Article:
Don't miss

Replay


LATEST SHOWS

ENCORE!

Oscars sneak peek: 'Call Me By Your Name', 'I, Tonya' and 'Darkest Hour'

Read more

FRENCH CONNECTIONS

Are the French rude, or is it a big misunderstanding?

Read more

INSIDE THE AMERICAS

Gun control in the US: A glimmer of compromise?

Read more

THE INTERVIEW

Opposition activist Evan Mawarire: Zimbabweans hope they can 'reset our future'

Read more

IN THE PRESS

Donald Trump's cheat sheet

Read more

IN THE PRESS

'Powerless in Syria' or 'Complicit in the bombings'?

Read more

THE DEBATE

Tightening grip: French government unveils controversial migrant law

Read more

BUSINESS DAILY

Ford executive ousted over misconduct

Read more

EYE ON AFRICA

More than 100 Nigerian schoolgirls still missing after Boko Haram attack

Read more

Europe

France and Europe 'shameful' over refugees, terror response

© Denis Charlet, AFP | A migrant walks past a makeshift restaurant in the so-called "Jungle" migrant camp in Calais, on February 23, 2016.

Video by FRANCE 24

Text by FRANCE 24

Latest update : 2016-02-24

European countries' "shameful" response to the migrant crisis and their counter-terrorism policies risk undermining their historic commitment to human rights, Amnesty International warned on Wednesday, singling out France for particular criticism.

The London-based campaign group, traditionally more used to lambasting dictatorships for rights abuses, used its annual report to take some of the world's oldest democracies to task.

Several countries in the European Union's passport-free Schengen area have reimposed border controls in response to a huge wave of migrants and refugees fleeing war and persecution in the Middle East, Africa and South Asia.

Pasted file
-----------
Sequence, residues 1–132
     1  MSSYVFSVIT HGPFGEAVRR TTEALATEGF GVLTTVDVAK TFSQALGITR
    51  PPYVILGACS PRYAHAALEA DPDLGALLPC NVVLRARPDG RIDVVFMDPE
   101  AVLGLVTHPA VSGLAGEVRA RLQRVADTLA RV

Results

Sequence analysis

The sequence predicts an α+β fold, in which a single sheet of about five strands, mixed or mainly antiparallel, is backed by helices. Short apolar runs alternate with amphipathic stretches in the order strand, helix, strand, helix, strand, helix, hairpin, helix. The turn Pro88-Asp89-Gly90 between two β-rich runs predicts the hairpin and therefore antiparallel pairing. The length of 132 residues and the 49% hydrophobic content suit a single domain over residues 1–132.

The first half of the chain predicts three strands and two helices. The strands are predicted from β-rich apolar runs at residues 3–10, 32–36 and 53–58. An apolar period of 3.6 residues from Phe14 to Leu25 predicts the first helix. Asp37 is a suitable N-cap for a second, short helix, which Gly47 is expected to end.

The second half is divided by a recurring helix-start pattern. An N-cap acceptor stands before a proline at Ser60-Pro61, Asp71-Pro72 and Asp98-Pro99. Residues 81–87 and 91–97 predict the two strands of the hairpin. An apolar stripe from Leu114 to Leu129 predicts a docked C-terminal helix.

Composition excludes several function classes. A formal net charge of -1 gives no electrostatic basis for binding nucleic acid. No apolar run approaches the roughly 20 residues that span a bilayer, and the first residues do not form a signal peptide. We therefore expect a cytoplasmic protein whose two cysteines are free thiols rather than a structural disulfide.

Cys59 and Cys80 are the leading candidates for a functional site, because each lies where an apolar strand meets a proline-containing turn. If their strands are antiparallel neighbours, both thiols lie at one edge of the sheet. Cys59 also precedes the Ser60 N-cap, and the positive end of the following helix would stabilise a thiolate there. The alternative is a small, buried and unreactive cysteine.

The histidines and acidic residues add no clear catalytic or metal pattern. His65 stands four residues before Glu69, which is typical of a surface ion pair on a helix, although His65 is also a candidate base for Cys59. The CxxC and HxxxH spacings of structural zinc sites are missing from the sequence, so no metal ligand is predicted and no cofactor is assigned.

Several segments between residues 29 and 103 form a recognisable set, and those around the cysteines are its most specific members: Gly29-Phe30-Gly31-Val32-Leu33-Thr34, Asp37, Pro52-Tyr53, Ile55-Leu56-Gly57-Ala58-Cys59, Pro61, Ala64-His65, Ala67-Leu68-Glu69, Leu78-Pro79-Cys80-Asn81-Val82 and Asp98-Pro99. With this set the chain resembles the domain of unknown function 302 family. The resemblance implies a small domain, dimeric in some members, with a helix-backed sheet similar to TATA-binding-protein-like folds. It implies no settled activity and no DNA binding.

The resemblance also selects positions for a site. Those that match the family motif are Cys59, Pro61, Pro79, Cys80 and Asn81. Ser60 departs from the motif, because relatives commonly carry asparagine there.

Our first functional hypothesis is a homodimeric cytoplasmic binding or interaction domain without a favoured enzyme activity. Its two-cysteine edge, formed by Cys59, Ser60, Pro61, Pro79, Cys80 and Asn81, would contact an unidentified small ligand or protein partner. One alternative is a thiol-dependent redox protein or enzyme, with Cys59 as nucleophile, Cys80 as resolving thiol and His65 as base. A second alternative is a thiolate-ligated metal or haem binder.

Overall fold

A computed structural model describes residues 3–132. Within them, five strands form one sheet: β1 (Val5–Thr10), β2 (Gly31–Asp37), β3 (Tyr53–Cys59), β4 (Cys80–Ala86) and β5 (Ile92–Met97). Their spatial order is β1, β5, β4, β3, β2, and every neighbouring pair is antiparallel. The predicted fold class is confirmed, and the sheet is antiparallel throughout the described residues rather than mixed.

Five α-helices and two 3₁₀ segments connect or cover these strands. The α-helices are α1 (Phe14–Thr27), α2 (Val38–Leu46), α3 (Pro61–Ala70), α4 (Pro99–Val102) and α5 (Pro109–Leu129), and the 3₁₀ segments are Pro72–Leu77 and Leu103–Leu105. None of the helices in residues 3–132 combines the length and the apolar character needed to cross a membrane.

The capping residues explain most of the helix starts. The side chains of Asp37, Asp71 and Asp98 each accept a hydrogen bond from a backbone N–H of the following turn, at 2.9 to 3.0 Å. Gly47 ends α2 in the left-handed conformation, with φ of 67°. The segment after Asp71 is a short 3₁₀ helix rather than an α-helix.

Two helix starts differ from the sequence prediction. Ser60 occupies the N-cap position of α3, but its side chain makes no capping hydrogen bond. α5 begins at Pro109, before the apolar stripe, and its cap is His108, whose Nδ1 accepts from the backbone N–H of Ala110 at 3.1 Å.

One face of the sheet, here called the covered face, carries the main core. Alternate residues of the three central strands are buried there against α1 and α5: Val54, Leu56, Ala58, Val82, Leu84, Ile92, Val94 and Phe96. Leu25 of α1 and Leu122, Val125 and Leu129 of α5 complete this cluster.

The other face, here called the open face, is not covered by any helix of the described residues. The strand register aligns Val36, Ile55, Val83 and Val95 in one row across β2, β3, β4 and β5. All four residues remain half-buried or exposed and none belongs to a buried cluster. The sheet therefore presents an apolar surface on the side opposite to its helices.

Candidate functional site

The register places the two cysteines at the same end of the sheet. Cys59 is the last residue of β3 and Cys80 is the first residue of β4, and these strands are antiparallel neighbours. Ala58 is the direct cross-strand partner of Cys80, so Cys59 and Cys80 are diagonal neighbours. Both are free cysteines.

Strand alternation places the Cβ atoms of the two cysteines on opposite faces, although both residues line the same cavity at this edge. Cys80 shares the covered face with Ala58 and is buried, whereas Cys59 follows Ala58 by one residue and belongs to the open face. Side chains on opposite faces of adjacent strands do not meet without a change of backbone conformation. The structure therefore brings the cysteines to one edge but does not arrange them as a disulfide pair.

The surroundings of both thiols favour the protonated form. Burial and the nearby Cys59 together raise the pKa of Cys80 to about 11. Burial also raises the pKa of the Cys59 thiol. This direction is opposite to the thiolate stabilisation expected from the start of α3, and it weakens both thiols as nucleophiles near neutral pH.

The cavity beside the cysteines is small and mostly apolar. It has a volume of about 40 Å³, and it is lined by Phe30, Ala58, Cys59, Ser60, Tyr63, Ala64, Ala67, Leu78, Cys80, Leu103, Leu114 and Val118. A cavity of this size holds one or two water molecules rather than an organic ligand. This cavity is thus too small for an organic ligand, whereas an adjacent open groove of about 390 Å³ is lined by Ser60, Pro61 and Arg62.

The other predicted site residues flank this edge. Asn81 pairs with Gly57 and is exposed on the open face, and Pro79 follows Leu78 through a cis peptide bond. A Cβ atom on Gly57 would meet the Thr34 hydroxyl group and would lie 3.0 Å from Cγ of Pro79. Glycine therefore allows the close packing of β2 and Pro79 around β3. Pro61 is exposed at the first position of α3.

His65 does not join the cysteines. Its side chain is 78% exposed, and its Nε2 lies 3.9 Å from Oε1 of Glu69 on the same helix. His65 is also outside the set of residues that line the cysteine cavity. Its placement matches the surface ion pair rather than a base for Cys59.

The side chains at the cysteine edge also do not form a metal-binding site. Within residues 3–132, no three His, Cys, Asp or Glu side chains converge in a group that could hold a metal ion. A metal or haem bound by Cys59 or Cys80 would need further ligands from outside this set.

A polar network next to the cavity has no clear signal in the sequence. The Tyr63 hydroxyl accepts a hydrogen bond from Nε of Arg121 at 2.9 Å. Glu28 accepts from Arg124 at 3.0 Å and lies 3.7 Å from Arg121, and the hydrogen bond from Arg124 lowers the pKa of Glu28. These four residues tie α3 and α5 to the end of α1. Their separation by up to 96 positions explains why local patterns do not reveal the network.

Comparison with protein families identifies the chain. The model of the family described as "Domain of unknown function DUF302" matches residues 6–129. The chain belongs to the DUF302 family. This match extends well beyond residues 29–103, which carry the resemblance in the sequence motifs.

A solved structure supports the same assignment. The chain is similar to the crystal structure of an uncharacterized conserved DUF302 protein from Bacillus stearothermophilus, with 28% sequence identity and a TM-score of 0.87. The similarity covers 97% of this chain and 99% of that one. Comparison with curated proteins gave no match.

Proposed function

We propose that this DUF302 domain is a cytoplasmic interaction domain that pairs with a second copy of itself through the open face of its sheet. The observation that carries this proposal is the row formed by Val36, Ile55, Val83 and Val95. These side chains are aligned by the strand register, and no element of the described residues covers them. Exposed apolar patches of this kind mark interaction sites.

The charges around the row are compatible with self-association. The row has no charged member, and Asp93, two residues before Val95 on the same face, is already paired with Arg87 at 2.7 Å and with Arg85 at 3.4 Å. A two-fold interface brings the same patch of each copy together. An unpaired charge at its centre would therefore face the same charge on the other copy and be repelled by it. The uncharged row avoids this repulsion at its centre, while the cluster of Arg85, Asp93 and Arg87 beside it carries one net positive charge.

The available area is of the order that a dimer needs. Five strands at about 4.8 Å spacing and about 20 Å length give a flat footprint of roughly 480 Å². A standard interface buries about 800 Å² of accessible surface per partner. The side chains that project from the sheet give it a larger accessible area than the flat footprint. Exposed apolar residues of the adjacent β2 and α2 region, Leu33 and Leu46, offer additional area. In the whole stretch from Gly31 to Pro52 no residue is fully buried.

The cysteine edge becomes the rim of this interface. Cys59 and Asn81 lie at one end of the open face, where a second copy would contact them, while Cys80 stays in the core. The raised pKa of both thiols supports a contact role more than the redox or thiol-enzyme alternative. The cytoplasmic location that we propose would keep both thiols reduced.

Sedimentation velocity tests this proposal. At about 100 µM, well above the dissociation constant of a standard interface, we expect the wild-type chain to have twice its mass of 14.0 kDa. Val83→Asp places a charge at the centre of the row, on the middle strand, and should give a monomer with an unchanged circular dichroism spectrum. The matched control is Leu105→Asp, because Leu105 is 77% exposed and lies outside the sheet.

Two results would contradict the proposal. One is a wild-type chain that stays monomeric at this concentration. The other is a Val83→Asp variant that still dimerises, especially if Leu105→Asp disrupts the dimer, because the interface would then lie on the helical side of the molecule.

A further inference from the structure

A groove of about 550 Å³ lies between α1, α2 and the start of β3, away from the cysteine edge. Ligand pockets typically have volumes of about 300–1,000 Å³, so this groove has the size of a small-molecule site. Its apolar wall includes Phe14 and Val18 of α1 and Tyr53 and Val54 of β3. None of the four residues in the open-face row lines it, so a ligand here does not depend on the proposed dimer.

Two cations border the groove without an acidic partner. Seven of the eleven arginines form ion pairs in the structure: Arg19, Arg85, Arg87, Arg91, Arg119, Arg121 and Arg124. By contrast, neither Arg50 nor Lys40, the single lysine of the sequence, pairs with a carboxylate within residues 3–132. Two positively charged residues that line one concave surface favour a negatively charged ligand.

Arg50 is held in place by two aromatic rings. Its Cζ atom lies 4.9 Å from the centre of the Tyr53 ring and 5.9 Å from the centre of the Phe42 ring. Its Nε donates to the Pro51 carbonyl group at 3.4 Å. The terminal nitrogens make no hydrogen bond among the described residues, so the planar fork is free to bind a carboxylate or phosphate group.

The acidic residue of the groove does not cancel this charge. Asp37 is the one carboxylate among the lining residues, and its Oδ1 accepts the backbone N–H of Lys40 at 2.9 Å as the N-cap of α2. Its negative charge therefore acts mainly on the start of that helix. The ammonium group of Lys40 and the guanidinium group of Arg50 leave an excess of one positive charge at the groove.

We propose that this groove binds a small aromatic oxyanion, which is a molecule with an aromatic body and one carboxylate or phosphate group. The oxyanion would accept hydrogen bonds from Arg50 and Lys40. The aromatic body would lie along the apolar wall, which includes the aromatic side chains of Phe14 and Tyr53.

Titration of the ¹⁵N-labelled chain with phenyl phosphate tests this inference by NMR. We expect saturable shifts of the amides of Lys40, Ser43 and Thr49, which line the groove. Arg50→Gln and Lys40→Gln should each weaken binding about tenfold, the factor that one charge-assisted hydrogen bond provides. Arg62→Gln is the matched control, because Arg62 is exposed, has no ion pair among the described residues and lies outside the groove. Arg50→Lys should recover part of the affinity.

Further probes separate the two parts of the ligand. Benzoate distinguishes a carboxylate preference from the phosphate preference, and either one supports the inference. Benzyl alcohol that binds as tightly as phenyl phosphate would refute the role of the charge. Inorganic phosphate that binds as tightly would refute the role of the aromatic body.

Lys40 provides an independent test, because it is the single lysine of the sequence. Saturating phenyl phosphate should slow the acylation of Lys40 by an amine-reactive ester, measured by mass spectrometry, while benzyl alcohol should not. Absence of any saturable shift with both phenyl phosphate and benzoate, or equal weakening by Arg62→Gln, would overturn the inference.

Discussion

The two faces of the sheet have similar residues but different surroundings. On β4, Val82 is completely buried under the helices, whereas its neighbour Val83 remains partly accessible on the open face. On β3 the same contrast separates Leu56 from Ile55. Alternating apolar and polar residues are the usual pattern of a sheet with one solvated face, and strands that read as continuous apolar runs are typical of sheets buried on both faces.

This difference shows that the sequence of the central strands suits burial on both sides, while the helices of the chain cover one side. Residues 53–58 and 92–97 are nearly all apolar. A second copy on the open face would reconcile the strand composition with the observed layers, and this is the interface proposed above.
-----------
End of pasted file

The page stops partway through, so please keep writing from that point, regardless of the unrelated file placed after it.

"That Europe, which is the richest bloc in the world, is not able to take care of the basic rights of some of the most persecuted people in the world, is shameful," said Amnesty Secretary General Salil Shetty.

He called for safe, legal routes for people to reach Europe and said they should be treated on a case by case basis, not subjected to "collective punishment".

"The majority of countries, with the honourable exception perhaps of Germany, have simply decided that the protection of their borders is more important than the protection of the rights of refugees," added Amnesty's Europe director John Dalhuisen.

French ‘shortcuts’

Amnesty also expressed alarm about fresh counter-terrorism laws being introduced across Europe, in particular the "rights-sapping" state of emergency implemented in France after jihadist gunmen attacked Paris in November, killing 130 people.

The measure allows the interior minister to place under house arrest any person whose behaviour is considered "a threat to security and public order" and to order searches of homes at any hour without involving the court.

"This is curbing free expression, it is curbing free movement of people," Shetty told AFP.

"Everybody understands that the French government has to respond to this reality. But a government that has historically championed human rights can't take shortcuts."

UN’s ‘systemic failure’

More broadly, Amnesty warned that the international system that protected human rights was itself under threat.

Many governments were ignoring, undermining or using their vetos to reduce the impact of protections afforded by the United Nations, the International Criminal Court and other regional rights mechanisms, the group warned.

"The Syrian conflict is one horrific example of the catastrophic human consequences of a systemic failure of the UN to fulfill its vital role in upholding rights and international law and ensuring accountability," it said.

Shetty added: "The system that has been very carefully built over 70 years to protect human rights now needs to be protected from a wholesale attack."

He urged world leaders to provide more political support and funding for the systems that uphold international law, and to back a reforming new UN secretary general when Ban Ki-moon's term expires at the end of this year.

(FRANCE 24 with AFP)
 

Date created : 2016-02-24

  • FRANCE

    Belgium reinstates France border checks over Calais 'Jungle' fears

    Read more

  • FRANCE

    French parliament extends state of emergency to May 26

    Read more

  • PARIS ATTACKS

    Are French civil liberties another victim of Paris attacks?

    Read more

COMMENT(S)